Canada Montreal man gets $749 in tickets after dropping off special needs son

01:50  18 june  2017
01:50  18 june  2017 Source:   The Gazette

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A Montreal man is crying foul after he was hit with $ 749 in traffic fines last month after he double parked while dropping off his special needs son at school. Luca Amico says he takes extra care when driving his son to school lately because the boy has been experiencing brain seizures.

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There is an increased police presence at MacEwan university after a threat was made online Tuesday morning.: © Metro file. "Significant" police presence at MacEwan University following online threat A Montreal man is crying foul after he was hit with $749 in traffic fines last month after he double parked while dropping off his special needs son at school.

Luca Amico says he takes extra care when driving his son to school lately because the boy has been experiencing brain seizures. Amico’s son, a teenager, also has cerebral palsy.

So when he dropped him off at school in St-Leonard on May 10, Amico pulled up up to the building, turned on his hazard lights and left the car running while he walked his son to the entrance.

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“His doctor told me: ‘When you drop him off, watch him, make sure he gets in the school okay,’ ” said Amico, a business owner. “We’ve had to change his medication recently because of the seizures, so I’m just being careful.”

When Amico drove away, he was immediately pulled over.

“I hear the sirens and I was honestly confused,” he said. “I thought: ‘I know I didn’t go over 30 (kilometres an hour). What’s going on?’ ”

The officer told him he was double parked and he’d be getting a $53 fine. In retrospect, Amico said he probably should have just accepted the ticket and moved on. But in the moment, he said it felt like he hadn’t done anything wrong.

“I was worried about my kid and I walked him into the school and I got a ticket for it,” he said. “So I got out of my car and I walked over to the officer and I said: “Madame, is there any way you can tell me what I did wrong? My kid has an illness, I needed to take him into school.’ ”

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That’s when he decided to start filming the encounter on his smartphone.

“The minute I did that, the conversation was over. She raised her hand, she took off to her car,” he said. “I think that’s where my troubles really started.”

Amico thought the ordeal would end with a $53 ticket. But two weeks later, he received an additional $107 fine in the mail. That came because his registration wasn’t signed. Another two fines came a few days later — he was slapped with a $107 ticket for having put his hazard lights on and a $482 fine for “obstructing the work of a peace agent.”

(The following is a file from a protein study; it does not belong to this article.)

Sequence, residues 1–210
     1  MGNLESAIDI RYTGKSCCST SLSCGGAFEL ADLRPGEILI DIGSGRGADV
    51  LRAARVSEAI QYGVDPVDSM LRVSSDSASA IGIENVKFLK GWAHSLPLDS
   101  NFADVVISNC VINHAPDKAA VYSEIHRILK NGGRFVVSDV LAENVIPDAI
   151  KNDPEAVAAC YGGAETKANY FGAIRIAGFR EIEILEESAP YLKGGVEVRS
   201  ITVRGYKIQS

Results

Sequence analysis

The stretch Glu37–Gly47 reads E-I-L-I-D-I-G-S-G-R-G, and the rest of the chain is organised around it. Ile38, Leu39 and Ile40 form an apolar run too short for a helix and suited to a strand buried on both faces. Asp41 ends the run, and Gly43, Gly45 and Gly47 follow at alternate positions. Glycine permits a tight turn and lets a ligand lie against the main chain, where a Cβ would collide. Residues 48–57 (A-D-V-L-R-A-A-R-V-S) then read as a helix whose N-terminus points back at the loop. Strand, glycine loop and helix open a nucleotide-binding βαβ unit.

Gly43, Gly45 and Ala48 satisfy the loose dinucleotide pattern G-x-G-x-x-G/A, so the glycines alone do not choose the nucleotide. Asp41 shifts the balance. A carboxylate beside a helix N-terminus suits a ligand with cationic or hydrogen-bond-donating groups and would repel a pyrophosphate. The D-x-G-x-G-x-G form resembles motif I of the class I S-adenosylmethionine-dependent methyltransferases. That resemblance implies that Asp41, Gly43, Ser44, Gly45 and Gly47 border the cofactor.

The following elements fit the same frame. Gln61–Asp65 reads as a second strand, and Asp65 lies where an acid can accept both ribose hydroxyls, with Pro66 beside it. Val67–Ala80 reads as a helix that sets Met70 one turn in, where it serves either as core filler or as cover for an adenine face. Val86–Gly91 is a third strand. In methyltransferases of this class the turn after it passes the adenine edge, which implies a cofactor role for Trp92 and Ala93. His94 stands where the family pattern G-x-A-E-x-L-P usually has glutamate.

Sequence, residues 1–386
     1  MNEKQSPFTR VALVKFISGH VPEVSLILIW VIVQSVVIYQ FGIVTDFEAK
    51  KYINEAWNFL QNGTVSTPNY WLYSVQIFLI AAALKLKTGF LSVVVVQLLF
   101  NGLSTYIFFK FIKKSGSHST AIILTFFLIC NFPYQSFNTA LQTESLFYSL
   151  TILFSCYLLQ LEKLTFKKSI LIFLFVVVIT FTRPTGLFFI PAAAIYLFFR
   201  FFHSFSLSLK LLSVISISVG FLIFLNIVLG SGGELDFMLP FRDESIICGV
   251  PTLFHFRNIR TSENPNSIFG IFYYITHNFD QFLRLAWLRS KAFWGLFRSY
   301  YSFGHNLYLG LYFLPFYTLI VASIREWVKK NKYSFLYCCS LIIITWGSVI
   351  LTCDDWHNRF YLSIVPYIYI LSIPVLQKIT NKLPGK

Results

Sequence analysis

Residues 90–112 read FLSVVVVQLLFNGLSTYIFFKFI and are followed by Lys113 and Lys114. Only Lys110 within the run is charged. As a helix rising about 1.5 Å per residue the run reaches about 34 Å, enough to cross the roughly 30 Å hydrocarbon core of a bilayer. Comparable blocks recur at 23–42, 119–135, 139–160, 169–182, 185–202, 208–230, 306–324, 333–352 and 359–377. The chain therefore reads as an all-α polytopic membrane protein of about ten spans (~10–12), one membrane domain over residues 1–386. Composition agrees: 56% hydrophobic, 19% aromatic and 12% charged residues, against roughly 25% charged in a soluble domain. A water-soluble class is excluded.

In the video Amico shot, the officer warns him that she’ll give him a ticket for “obstruction” if he doesn’t back away from her vehicle.

“It’s because I took out my phone,” he said. “Why did I get all those extra tickets in the mail? If it was so bad, why wait two weeks and then send something in the mail?”

Though he visited the St-Leonard police station where the officer works to complain, Amico said he encountered “a brick wall.” Now, he says he’ll file a complaint with the police ethics commissioner.

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Amico will also contest the tickets in municipal court.

It’s protocol for Montreal police not to comment on specific cases before the courts ,but one police source told the Montreal Gazette it was unwise of Amico to get out of his car.

“That just escalates things. That takes an ordinary traffic stop and turns it into something potentially aggressive,” said the source, who is not authorized to talk to the media. “I’m not saying the officer was right to write a ticket, but you don’t argue your case on the street, you win or lose it in court.”

In the end, though, Amico said it would have been nice to be treated with compassion.

“My son, he just wants to be treated like any other kid and this is hard on him,” Amico said. “In the end, I got a ticket for dropping off my son. He has a condition, he could have … I just didn’t want anything to happen to him.”

New federal law in the works that would limit police spying on journalists .
Federal legislation, that could become law by the end of the summer, will make it more difficult for police to place journalists under surveillance. The bill, drafted by Conservative Senator Claude Carignan, would effectively bring an end to police using the tactic to identify confidential sources of information that is embarrassing to politicians and other public officials."It is probably the biggest step for the free press since the adoption of the Charter of Rights in 1982," Carignan told CBC News. A public inquiry into the surveillance of journalists by Quebec police is currently underway in Montreal.

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